8. It Reduces Insulin Resistance

Insulin resistance is one of the leading causes of metabolic syndrome and type 2 diabetes. It's characterized by an impaired ability of muscle and liver cells to properly absorb sugar from the bloodstream. Magnesium plays a crucial role in this process, and many people with metabolic syndrome are deficient. In addition, the high levels of insulin that accompany insulin resistance lead to the loss of magnesium in the urine, further reducing your body's levels. Fortunately, increasing magnesium intake can help. One study found that supplementing reduced insulin resistance and blood sugar levels, even in people

9. Magnesium Improves PMS Symptoms

Premenstrual syndrome (PMS) is one of the most common disorders among women of child-bearing age. Its symptoms include water retention, abdominal cramps, tiredness and irritability. Interestingly, magnesium has been shown to improve mood in women with PMS, and may also reduce water retention and other symptoms.

10. Magnesium is Safe and Widely Available

Magnesium is absolutely essential for good health. The recommended daily intake is 400–420 mg per day for men, and 310–320 mg per day for women. You can get it from both food and supplements.The following foods are good to excellent sources of magnesium:

  • Pumpkin seeds: 46% of the RDI in a quarter cup (16 grams).
  • Spinach, boiled: 39% of the RDI in a cup (180 grams).
  • Swiss chard, boiled: 38% of the RDI in a cup (175 grams).
  • Dark chocolate (70–85% cocoa): 33% of the RDI in 3.5 ounces (100 grams).
  • Black beans: 30% of the RDI in a cup (172 grams).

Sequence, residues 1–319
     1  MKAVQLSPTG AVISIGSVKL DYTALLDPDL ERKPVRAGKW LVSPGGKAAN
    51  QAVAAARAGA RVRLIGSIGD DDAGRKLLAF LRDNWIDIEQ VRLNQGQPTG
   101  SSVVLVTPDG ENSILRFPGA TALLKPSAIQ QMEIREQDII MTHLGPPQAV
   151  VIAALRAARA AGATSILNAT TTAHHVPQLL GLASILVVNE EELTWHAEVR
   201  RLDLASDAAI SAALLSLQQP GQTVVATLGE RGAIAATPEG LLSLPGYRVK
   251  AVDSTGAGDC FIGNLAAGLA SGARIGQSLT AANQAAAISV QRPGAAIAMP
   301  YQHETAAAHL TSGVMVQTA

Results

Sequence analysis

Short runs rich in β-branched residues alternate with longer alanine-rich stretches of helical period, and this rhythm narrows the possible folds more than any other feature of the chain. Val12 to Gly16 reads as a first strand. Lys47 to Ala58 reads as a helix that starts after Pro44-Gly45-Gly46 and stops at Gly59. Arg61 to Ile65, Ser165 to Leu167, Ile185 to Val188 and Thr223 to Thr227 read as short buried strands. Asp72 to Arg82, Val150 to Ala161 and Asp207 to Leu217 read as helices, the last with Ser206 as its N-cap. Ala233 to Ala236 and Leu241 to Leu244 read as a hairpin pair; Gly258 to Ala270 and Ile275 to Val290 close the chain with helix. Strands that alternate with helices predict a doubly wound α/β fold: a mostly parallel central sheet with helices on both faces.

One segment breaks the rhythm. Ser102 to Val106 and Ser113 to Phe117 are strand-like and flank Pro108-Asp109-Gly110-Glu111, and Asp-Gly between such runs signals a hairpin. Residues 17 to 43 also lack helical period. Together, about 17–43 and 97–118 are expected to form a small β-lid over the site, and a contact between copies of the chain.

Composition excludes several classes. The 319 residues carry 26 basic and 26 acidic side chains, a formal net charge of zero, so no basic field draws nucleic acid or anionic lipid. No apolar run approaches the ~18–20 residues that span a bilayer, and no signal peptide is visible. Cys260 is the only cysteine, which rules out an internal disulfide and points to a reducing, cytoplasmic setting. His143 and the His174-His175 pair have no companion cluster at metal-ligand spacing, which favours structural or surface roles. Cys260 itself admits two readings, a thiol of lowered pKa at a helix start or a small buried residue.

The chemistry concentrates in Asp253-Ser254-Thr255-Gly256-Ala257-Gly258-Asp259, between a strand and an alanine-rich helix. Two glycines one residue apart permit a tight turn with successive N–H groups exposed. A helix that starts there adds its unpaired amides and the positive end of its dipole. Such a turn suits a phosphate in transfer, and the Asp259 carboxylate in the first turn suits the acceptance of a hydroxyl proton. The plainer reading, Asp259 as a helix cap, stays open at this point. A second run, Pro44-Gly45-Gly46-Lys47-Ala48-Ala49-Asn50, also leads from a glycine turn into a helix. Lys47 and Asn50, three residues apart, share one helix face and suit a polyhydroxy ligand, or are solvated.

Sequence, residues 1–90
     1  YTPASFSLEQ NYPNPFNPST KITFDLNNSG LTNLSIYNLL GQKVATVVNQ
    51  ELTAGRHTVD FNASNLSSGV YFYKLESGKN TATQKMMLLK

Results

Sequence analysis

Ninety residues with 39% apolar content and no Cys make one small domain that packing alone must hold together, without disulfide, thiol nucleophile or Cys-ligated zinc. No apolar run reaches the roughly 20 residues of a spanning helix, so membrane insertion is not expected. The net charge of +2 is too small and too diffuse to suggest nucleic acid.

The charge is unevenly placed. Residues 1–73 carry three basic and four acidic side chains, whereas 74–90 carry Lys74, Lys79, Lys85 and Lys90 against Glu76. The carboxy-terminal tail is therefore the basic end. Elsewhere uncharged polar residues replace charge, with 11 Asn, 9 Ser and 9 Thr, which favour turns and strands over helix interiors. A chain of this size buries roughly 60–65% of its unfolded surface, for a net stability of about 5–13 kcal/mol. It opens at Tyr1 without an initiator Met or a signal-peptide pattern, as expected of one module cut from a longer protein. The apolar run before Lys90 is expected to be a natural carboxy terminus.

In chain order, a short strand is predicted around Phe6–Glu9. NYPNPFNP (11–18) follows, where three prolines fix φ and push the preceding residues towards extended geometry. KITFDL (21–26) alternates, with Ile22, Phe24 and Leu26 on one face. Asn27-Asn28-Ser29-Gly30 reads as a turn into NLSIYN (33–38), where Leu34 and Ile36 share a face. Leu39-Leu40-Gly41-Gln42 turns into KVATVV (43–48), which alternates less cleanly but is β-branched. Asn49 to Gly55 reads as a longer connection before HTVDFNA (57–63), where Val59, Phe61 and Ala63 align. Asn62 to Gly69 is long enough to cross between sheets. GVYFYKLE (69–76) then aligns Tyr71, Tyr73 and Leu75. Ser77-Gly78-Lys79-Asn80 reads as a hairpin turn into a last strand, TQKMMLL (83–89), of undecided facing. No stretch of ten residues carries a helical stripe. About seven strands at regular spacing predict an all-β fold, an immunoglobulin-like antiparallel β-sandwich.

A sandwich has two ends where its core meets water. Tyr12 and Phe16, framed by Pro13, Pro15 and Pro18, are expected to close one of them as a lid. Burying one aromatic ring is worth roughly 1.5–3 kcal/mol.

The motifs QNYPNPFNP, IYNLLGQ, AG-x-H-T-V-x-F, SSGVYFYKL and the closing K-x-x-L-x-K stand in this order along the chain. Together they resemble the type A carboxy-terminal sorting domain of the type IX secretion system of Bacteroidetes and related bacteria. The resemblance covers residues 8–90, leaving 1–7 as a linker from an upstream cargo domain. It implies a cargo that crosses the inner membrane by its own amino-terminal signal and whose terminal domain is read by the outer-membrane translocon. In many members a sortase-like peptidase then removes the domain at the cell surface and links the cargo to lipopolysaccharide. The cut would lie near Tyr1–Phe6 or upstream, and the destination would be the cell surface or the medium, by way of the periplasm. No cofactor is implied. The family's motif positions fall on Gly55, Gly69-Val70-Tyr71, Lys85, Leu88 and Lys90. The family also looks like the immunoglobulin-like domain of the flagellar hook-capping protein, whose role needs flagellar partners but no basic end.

• Quinoa, cooked: 33% of RDI the in a cup (185 grams).
  • Halibut: 27% of the RDI in 3.5 ounces (100 grams).
  • Almonds: 25% of the RDI in a quarter cup (24 grams).
  • Cashews: 25% of the RDI in a quarter cup (30 grams).
  • Mackerel: 19% of the RDI in 3.5 ounces (100 grams).
  • Avocado: 15% of the RDI in one medium avocado (200 grams).
  • Salmon: 9% of the RDI in 3.5 ounces (100 grams).

Supplements are also a great way to make sure your body is getting the amount of magnesium it needs. In our office we carry Standard Process Supplements. They use organic whole food ingredients to provide safe, effective, and the highest quality of nutritional support. It's what we take and what we give our families. Questions about magnesium? Ask Dr. Jen next time your in! Our patients health and well-being is our #1 priority. 

Links:

www.ncbi.nlm.nih.gov/pubmed/2067759, www.ncbi.nlm.nih.gov/pubmed/26404370, www.ncbi.nlm.nih.gov/pubmed/25540137,

www.ncbi.nlm.nih.gov/pubmed/2067759, www.ncbi.nlm.nih.gov/pubmed/17172008, www.ncbi.nlm.nih.gov/pubmed/24465574,